Monday, April 10, 2006

More Thoughts about Gatto's College Advice

With due respect to Gatto, I don't believe that dropping out of college is really the only or even the best way to change the world. From Cradles of Eminence, a book that examines the childhoods of between 400-700 famous men and women:

"The authors found that these 400 eminent people did have many childhood experiences in common. They grew up in homes where excitement and love of learning were present, though they often disliked formal schooling and some were schooled at home. The homes they grew up in were full of books and stimulating conversation and strong opinions, so that as children, they learned to think and express themselves clearly. They had at least one strong parent, usually the mother, who believed in them." (Introduction)

It has been suggested that to achieve greatness, a person first has to overcome adversity:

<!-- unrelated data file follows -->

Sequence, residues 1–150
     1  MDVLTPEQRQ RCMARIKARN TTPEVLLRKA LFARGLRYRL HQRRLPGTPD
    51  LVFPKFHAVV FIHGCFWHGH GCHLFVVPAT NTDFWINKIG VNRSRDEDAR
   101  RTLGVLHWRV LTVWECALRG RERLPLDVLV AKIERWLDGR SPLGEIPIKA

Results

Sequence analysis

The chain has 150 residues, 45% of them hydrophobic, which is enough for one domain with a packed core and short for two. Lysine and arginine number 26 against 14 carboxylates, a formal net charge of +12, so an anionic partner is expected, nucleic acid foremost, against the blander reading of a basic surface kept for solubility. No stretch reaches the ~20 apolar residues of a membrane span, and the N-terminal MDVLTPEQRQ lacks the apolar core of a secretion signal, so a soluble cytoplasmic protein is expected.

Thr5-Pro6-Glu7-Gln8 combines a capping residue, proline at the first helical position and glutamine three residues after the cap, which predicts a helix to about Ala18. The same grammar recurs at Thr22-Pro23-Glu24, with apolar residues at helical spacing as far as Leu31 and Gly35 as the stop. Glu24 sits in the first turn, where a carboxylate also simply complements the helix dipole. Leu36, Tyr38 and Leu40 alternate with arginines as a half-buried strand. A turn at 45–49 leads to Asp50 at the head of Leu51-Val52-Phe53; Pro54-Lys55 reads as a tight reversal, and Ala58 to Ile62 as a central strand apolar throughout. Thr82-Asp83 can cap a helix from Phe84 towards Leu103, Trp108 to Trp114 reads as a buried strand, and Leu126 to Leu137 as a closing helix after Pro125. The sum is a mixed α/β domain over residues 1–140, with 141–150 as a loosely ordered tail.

"Three-fourths of the children were troubled--by poverty; by a broken home; by rejecting, overpossessive, estranged, or dominating parents; by financial ups and downs, by physical handicaps; or by parental dissatisfaction over the children's school failures or vocational choices." (p. 282)

On the other hand:

"The homes of the Four Hundred were exceptionally free of mental illnesses requiring hospitalization."

To be fair, only Faulkner, Bill Gates, Ray Kroc and Ted Turner are mentioned in both this book and Gatto's article. I'm sure there are just as many successful entrepreneurs who did go to B-school, Donald Trump for one.

The authors do devote two introductions and an entire chapter to how crummy school was for these people. Those who weren't homeschooled were after-schooled (house full of books, family love of learning) and flourished primarily under mentors and tutors. It also mentions that "One-half of the parents were opinionated about a controversial subject, which set them apart in their own time but is accepted with little or no animosity today." Sounds like homeschoolers to me!

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